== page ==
Newborn or Infant Jaundice is the name given to yellowing of the skin and the whites of the eyes. It is very common in newborns and usually gets better on its own in around two weeks.
Newborn babies produce large quantities of bilirubin, which is caused due to breakdown of red blood cells. An infant’s liver isn’t mature enough to process bilirubin and pass it through the bowels. The increased amount of bilirubin in the bloodstream causes newborn skin and eyes to turn yellow.
Most babies do not need any treatment or monitoring for jaundice. However, when babies develop high levels of bilirubin, it can be harmful if not treated and can even cause brain damage. If you think your baby is jaundiced, our team of specialists at KIMS Cuddles will be able to help you judge whether your baby needs treatment.
Sometimes, underlying health condition can also cause jaundice in babies. This is known as pathological jaundice. These health conditions include:
- Congenital Hypothyroidism – A condition where an underactive thyroid gland which doesn’t produce enough hormones.
- Incompatible blood group – Incompatibility happens when mother’s blood group conflicts with her child. It can cause the mother’s red blood cells to cross into the placenta during the pregnancy. As a result, the mother’s blood cells develop antibodies that can attack newborn’s blood cells and cause jaundice.
- Rhesus factor disease – It occurs when the mother has rhesus-negative blood and the baby has rhesus-positive blood.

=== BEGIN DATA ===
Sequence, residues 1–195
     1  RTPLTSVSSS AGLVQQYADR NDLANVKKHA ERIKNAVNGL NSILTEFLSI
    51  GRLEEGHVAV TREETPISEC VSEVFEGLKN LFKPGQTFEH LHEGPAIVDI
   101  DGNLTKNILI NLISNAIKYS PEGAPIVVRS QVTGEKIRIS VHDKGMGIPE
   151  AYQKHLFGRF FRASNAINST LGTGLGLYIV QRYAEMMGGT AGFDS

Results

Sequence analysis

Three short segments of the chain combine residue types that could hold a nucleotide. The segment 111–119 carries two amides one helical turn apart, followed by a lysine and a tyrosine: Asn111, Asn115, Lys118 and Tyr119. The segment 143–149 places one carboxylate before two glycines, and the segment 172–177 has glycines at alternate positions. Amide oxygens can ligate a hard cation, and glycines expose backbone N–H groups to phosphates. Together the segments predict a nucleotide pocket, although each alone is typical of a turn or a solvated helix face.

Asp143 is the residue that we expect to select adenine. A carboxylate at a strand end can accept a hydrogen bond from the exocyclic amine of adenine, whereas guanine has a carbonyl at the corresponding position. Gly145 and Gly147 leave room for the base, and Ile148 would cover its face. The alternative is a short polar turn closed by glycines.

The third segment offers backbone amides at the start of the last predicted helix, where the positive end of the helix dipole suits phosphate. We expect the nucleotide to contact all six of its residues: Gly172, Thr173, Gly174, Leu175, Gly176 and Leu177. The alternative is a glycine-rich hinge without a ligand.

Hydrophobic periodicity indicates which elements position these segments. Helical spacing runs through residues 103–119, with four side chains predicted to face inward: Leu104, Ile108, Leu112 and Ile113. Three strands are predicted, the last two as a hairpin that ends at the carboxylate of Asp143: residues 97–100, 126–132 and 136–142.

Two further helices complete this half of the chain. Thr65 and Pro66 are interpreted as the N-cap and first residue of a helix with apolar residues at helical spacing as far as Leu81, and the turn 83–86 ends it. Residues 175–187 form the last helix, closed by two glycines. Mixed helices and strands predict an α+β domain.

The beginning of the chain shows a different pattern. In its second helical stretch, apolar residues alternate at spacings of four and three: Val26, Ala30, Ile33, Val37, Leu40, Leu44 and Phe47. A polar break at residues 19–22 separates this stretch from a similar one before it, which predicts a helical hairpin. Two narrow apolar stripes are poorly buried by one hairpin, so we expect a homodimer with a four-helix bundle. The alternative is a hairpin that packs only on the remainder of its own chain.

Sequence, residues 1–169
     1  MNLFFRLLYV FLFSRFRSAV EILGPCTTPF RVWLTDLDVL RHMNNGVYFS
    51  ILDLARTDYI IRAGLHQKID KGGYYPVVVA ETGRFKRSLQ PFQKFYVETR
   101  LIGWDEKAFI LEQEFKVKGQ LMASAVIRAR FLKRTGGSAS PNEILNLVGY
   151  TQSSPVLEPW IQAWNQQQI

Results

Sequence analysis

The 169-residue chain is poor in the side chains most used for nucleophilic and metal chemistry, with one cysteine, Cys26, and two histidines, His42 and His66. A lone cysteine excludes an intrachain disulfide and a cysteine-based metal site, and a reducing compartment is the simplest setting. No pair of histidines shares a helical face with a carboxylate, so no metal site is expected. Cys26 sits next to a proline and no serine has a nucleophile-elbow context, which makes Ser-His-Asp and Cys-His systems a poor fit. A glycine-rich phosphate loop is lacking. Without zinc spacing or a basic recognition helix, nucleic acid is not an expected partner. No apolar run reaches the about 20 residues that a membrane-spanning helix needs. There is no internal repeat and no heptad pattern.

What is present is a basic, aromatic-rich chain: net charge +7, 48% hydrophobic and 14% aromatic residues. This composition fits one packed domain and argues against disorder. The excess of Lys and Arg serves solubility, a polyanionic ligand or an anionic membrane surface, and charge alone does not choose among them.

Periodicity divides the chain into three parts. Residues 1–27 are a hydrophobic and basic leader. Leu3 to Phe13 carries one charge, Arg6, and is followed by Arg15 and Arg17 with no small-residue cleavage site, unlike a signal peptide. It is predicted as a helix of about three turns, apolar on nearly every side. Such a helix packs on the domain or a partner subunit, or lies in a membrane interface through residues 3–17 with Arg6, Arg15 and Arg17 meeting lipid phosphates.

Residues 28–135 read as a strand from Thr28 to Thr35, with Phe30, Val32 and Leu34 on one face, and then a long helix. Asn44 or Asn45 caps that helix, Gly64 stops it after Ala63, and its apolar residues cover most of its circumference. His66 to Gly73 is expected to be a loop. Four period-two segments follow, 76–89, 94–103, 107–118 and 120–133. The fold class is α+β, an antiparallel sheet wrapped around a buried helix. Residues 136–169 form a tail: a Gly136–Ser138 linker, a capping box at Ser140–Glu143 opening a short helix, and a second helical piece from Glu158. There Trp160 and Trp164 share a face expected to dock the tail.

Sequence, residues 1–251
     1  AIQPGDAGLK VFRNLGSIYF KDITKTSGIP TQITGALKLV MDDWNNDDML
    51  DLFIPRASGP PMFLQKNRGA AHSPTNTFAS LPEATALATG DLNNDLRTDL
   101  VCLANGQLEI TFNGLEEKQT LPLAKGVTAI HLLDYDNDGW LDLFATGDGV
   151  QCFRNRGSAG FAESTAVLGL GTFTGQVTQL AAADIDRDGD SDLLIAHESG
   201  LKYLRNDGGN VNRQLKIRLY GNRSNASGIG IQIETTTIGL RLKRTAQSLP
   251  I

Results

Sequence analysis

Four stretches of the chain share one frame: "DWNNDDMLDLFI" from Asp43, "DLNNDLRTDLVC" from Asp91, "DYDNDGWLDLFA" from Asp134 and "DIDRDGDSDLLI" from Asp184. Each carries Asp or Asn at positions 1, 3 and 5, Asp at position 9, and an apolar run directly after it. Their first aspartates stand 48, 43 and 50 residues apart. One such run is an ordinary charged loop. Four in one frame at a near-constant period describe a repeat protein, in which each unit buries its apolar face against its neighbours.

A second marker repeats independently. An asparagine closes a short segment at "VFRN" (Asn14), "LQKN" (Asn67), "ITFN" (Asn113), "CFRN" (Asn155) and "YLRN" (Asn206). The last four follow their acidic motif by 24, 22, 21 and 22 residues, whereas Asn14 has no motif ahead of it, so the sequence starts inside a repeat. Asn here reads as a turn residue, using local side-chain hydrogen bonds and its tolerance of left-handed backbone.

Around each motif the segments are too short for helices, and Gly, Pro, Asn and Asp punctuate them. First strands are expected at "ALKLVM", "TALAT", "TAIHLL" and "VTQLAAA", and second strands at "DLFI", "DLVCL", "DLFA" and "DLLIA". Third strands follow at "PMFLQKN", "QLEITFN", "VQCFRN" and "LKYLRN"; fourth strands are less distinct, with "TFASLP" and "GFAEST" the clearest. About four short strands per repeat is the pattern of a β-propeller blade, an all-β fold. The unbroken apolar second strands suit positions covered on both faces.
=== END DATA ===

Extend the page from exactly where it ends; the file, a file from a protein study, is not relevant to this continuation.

- Crigler-Najjar Syndrome – It is an inherited condition that affects the enzyme responsible for producing bilirubin.
- Internal bleeding (hemorrhage)
- Liver malfunction
- Urinary tract infection
Treatment of Newborn Jaundice
As discussed earlier, most newborn jaundice goes away on its own and doesn’t require any treatment. However, for moderate to severe jaundice, your baby might need to stay in the hospital or readmitted for further treatment, which may include:
Light therapy or phototherapy is the most common method of treatment for jaundice. It uses light to break down the bilirubin in your baby’s body. In phototherapy, your baby is placed on a special bed under a blue-green spectrum light. The light changes the shape and structure of bilirubin in such a way that it can be excreted in the urine and stool. During phototherapy, your baby is made to wear only a diaper and special protective goggles. A fiber-optic pad or mattress may also be placed underneath your baby.
In extremely rare cases, when the severe jaundice does not respond to other treatments, a baby might need exchange transfusion of blood. In this process, small amounts of blood are withdrawn repeatedly, bilirubin and maternal antibodies are diluted, and then the blood is transferred back into the baby. This procedure is carried out in a Newborn Intensive Care Unit (NICU).
The use of Intravenous immunoglobulin (IVIg) in the recent years has significantly reduced the need for exchange transfusion. IVIg is used to treat jaundice caused due to blood group incompatibilities between mother and baby. This results in antibodies from the mother being carried to the baby’s immune system, and results in the breakdown of baby’s blood cells. Intravenous transfusion of immunoglobulin, which is a blood protein, reduces the levels of antibodies and decrease jaundice.
Jaundice is often not a cause for major concern in newborns. However, if it requires specialized treatment, rest assured that our team at KIMS Cuddles is well equipped to take care of you and your baby.
The opinions presented in this article are not to be substituted for medical advice under any circumstance.